Caravan Wheels

Submitted: Wednesday, Jul 13, 2011 at 10:40
ThreadID: 87535 Views:3490 Replies:6 FollowUps:8
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A mate of mine had the wires pulled out of his electric brakes on his caravan and asked me to repair them for him. When I removed the wheel I found that all the weight of the caravan was being carried by the wheel studs and that there was a gap of about 20mm between the caravan hub and the wheel centre. I asked my friend if these were the original wheels and he said they were????? I understand that this is an illegal set up??? Is this common with caravan manufacturers?
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Reply By: Member -Dodger - Wednesday, Jul 13, 2011 at 10:48

Wednesday, Jul 13, 2011 at 10:48
Normally the wheel when tightened up is hard up against the brake drum.
So no I do not think that this is normal.
Did the wheel studs have spacers? if so this I believe is illegal in NSW at least.

I used to have a handle on life, but it broke.

Cheers Dodg.

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AnswerID: 459814

Follow Up By: Ray - Wednesday, Jul 13, 2011 at 10:54

Wednesday, Jul 13, 2011 at 10:54
No the wheel did not have spacers
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Follow Up By: snoopyone - Wednesday, Jul 13, 2011 at 12:34

Wednesday, Jul 13, 2011 at 12:34
All wheels should go back hard against the drum or hub if disc braked.

Sounds like they are non standard wheels.
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FollowupID: 733442

Reply By: Crammo - Wednesday, Jul 13, 2011 at 11:07

Wednesday, Jul 13, 2011 at 11:07
It is the tapers on the nuts where they fit into the wheel that locates and supports the wheel. The hub centre has nothing to do with locating the wheel.
Brian
AnswerID: 459815

Follow Up By: Member - Andrew L (QLD) - Wednesday, Jul 13, 2011 at 11:47

Wednesday, Jul 13, 2011 at 11:47
I would not agree with that statement "The hub centre has nothing to do with locating the wheel".

It has a lot to do with it. It does centre the wheel, and provides substantial load and shear support to the wheel stud assembly when the wheel is correctly mounted and tensioned by the stud and nut components.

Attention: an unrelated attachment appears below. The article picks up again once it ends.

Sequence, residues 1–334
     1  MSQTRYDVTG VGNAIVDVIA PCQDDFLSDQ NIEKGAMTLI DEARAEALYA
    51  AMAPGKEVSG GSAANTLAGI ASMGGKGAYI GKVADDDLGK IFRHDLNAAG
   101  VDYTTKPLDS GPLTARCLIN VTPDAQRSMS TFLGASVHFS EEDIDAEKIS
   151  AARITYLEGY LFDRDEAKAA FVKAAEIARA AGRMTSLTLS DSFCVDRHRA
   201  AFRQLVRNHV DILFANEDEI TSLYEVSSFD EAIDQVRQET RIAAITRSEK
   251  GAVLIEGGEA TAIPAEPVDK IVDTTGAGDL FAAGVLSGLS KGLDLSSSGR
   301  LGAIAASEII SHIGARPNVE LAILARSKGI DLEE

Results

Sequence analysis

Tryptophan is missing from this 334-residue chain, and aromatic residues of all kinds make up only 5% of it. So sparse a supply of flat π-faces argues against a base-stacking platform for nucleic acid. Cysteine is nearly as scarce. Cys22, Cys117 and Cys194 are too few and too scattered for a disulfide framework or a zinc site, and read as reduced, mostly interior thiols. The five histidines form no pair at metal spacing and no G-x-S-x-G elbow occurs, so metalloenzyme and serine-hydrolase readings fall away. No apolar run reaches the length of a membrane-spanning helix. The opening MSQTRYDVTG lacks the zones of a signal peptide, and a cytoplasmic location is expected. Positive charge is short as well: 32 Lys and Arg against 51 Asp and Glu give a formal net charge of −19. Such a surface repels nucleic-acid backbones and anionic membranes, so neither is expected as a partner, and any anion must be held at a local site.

Non-Engineering Approved Modifications
VSB14 sets out a list of modifications not requiring engineering certification: specified tyre and rim substitution; raising suspensions by not more than one third of the original suspension travel; shock absorber substitution; spring and sway bar substitution; track rod and strut brace installation; and power steering conversion using manufacturer’s option components.

"A replacement aluminium alloy rim should be located on the hub by the same-diameter centre spigot as the original wheel, using metal adaptor rings where necessary."


While VSB14 appears to not be enshrined as legislation yet, it is a collaborative of existing and intended rules.
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FollowupID: 733440

Follow Up By: snoopyone - Wednesday, Jul 13, 2011 at 12:33

Wednesday, Jul 13, 2011 at 12:33
Well if it didnt my cars wheels would fall off.

They have bolts to hold them on NOT studs and are located by fitting them over the centre spigot and rotating them to match the holes in the hub.

Coomodores with mags were terrible as the mags would corrode onto the centres and were hard to get off if not changed for a while.

Also Falcons used to have different sized centres and some wheels would fit and others wouldnt. Found that out when I got a puncture and borrowed a wheel which had a smaller centre hole yet was off the same series car.
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FollowupID: 733441